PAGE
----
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Keeping Plastics Out of Landfills and Public Spaces

An Introduction to Recycling and Reuse

Plastic pollution on Accra beach, Ghana.  ©Muntaka Chasant/Wikimedia (CC BY-SA 4.0)
Plastic pollution on Accra beach, Ghana. ©Muntaka Chasant/Wikimedia (CC BY-SA 4.0)

The world was introduced to plastics in 1907, when Belgian chemist Leo Baekeland created the first synthetic plastic with two ingredients (formaldehyde and phenol).

Its popularity has been phenomenal—by 2021, some 391 million metric tons of plastics were produced worldwide, according to Statista 2023.

Unfortunately, the constant demands for plastics—which were created to be durable—have led to a world that is literally awash with plastic pollution, on both land and sea.

The first plastics recycling plant opened in 1972 in Pennsylvania, US, and, today, UK-based ENF Recycling keeps a global directory of 26,300 plastics recycling plants.

But, as the UN Environment Programme describes it, with 7 billion metric tons of plastic waste created every year and less than 10% of it recycled, “Our planet is choking on plastic.”

The sheer variety of plastics remains a major barrier to effective recycling. Plastics require specific recycling methods to deconstruct their molecular structures, and although some public education has been done about plastics recycling, there are many questions about how to sort the types and what can be done to improve the recycling success rate.

The realities of plastic recycling and what can be done to reduce plastic pollution are examined below.

The Various Types of Plastic

Most plastic packaging is labeled with a number from 1 to 7, identifying what the type of plastic is. Each type has unique properties with varying degrees of recyclability, as given below:

1 - Polyethylene terephthalate (PET or PETE) (e.g. water bottles, plastic trays)

Polyethylene terephthalate is commonly used for water bottles.  ©Adoscam/Wikimedia  (CC BY-SA 4.0)
Polyethylene terephthalate is commonly used for water bottles. ©Adoscam/Wikimedia (CC BY-SA 4.0)

PET is a thermoplastic polymer resin related to polyester and thus is often used for clothing fiber. It is also used for single-use bottled drinks because it is lightweight, easy to recycle, transparent, and has a reduced risk of leaching harmful substances into the environment as the plastic breaks down.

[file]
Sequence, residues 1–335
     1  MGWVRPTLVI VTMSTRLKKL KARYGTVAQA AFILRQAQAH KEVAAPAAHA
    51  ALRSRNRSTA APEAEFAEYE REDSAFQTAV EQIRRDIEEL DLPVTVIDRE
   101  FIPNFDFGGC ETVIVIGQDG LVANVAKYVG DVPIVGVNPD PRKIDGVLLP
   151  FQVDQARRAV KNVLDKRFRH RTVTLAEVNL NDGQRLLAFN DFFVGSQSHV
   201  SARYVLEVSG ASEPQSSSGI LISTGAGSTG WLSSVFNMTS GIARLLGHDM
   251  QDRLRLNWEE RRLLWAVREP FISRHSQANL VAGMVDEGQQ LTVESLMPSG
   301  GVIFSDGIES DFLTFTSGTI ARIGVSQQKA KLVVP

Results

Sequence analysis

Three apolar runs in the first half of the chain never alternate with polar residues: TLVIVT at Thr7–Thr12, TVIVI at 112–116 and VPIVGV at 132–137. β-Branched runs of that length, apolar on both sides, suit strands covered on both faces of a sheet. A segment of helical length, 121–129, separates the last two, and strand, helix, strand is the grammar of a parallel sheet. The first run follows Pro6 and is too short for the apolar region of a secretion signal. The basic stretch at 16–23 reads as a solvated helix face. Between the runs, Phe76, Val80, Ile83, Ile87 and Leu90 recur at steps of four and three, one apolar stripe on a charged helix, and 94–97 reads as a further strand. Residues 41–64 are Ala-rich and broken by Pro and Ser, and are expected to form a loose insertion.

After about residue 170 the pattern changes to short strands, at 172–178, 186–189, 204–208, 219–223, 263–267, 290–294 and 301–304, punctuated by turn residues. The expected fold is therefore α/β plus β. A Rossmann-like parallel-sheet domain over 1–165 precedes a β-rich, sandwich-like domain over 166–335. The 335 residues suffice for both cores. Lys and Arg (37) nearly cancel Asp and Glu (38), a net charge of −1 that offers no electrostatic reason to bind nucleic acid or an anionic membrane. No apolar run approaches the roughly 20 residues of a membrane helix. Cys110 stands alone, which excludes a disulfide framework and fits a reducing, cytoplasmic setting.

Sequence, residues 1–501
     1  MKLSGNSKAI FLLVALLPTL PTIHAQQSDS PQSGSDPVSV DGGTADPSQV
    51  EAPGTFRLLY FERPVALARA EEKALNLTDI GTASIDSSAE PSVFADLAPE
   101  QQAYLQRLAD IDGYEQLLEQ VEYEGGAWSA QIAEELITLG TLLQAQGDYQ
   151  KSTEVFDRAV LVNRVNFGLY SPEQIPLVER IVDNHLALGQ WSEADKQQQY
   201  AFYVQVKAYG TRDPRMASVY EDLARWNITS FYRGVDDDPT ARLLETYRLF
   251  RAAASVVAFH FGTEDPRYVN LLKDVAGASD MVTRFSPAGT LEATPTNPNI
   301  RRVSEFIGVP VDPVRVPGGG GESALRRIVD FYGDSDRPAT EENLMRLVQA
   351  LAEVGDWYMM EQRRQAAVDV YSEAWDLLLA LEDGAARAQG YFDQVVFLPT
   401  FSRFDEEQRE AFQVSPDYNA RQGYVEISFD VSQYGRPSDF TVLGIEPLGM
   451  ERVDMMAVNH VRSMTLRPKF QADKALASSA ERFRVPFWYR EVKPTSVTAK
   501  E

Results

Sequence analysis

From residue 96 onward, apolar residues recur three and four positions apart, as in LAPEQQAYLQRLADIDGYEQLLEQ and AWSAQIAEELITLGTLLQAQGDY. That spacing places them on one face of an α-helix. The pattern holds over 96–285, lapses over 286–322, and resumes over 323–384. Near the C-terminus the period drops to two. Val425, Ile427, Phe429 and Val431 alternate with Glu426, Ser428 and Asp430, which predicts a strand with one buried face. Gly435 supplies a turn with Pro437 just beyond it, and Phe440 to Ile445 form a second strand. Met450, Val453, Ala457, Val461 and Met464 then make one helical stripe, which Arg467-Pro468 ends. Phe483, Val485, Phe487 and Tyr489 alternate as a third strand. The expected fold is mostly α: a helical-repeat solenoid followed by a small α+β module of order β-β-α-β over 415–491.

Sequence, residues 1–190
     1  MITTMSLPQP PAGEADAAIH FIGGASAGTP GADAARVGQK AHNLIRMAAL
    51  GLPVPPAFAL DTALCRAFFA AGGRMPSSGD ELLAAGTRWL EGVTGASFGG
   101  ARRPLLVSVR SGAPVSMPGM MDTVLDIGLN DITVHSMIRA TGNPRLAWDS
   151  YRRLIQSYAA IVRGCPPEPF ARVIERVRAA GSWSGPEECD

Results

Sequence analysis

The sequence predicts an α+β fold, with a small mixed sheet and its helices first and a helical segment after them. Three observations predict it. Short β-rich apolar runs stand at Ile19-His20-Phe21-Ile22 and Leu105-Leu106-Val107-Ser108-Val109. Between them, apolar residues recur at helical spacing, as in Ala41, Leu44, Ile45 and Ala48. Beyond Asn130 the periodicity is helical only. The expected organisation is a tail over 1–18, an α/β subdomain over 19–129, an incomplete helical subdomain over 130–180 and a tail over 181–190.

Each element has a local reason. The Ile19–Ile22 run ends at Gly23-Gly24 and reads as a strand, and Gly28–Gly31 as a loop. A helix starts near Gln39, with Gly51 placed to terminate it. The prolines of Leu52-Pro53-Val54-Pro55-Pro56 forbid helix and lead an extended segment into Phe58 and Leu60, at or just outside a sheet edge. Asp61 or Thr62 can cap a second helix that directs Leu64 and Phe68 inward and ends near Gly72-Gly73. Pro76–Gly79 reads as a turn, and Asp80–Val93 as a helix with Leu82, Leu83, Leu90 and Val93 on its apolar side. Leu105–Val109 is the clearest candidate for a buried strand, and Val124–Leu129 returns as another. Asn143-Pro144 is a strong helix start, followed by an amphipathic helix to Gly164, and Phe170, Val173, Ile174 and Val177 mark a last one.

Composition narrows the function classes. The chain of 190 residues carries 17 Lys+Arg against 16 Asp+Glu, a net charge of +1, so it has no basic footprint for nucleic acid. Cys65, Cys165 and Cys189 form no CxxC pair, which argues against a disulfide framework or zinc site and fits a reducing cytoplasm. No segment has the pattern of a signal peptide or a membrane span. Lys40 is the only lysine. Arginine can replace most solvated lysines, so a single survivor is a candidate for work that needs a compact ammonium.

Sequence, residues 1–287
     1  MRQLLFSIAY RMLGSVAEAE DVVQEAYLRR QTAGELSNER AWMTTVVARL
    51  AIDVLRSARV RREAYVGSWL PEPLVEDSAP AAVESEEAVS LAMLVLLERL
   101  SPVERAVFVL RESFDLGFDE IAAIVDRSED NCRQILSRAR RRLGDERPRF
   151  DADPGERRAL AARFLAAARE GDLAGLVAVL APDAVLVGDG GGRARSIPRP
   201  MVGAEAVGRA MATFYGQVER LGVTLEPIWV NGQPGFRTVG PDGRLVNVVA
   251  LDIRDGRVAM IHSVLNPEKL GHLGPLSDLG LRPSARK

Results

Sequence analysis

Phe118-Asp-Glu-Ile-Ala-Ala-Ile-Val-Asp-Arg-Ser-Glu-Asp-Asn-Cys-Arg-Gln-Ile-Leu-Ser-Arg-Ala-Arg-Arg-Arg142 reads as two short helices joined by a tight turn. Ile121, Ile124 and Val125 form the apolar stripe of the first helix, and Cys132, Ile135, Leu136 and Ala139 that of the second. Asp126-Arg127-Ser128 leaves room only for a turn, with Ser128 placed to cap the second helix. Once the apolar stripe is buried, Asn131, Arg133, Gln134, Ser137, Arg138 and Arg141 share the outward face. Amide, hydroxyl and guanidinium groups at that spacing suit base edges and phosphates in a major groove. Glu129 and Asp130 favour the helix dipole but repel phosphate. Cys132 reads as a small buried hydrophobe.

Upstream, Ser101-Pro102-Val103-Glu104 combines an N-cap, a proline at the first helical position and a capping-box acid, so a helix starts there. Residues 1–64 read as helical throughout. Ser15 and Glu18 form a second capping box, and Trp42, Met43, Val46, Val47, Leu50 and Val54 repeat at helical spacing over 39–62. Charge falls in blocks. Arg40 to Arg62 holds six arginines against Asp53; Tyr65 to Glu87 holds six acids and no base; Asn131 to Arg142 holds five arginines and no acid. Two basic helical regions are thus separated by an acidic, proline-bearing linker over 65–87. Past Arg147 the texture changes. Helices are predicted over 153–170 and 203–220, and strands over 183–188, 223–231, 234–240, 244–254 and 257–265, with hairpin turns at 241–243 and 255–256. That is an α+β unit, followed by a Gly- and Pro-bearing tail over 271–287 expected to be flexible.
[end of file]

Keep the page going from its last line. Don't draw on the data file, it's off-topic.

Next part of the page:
More than 82 million tons of PET were produced globally in 2021, and, because of this, PET is one of the largest sources of plastic waste. However, it is also the most commonly recycled type of plastic. Fifty-two percent of PET is recycled in Europe compared with just thirty-one percent in the US.

Most recycled PET (from bottles) in Europe does not become material for more PET bottles, according to a report produced in 2022 by Zero Waste Europe. Instead, it is turned into plastic trays, fibers, film, or strapping. Only thirty-one percent of recycled PET plastic becomes more bottle material, with sixty-nine percent being allocated to the manufacture of other PET products.

2 - High-density polyethylene (HDPE) (e.g. milk cartoons, shampoo bottles)

A milk bottle made of HDPE.  ©Pkgx/Wikimedia (CC BY-SA 4.0)
A milk bottle made of HDPE. ©Pkgx/Wikimedia (CC BY-SA 4.0)

HDPE is a thermoplastic polymer obtained from ethylene (or sometimes called “polythene” when used for HDPE pipes). This material has a high strength-to-density ratio and is often used for the production of plastic bottles, shopping bags, corrosion-resistant pipes, geomembranes, and plastic planks as an alternative to wood. It has a high melting point and so is resistant to heat until high temperatures are reached. However, when the melting point (about 130 °C or 266 °F) has been reached, it is very malleable and can be quickly and efficiently molded for a variety of purposes.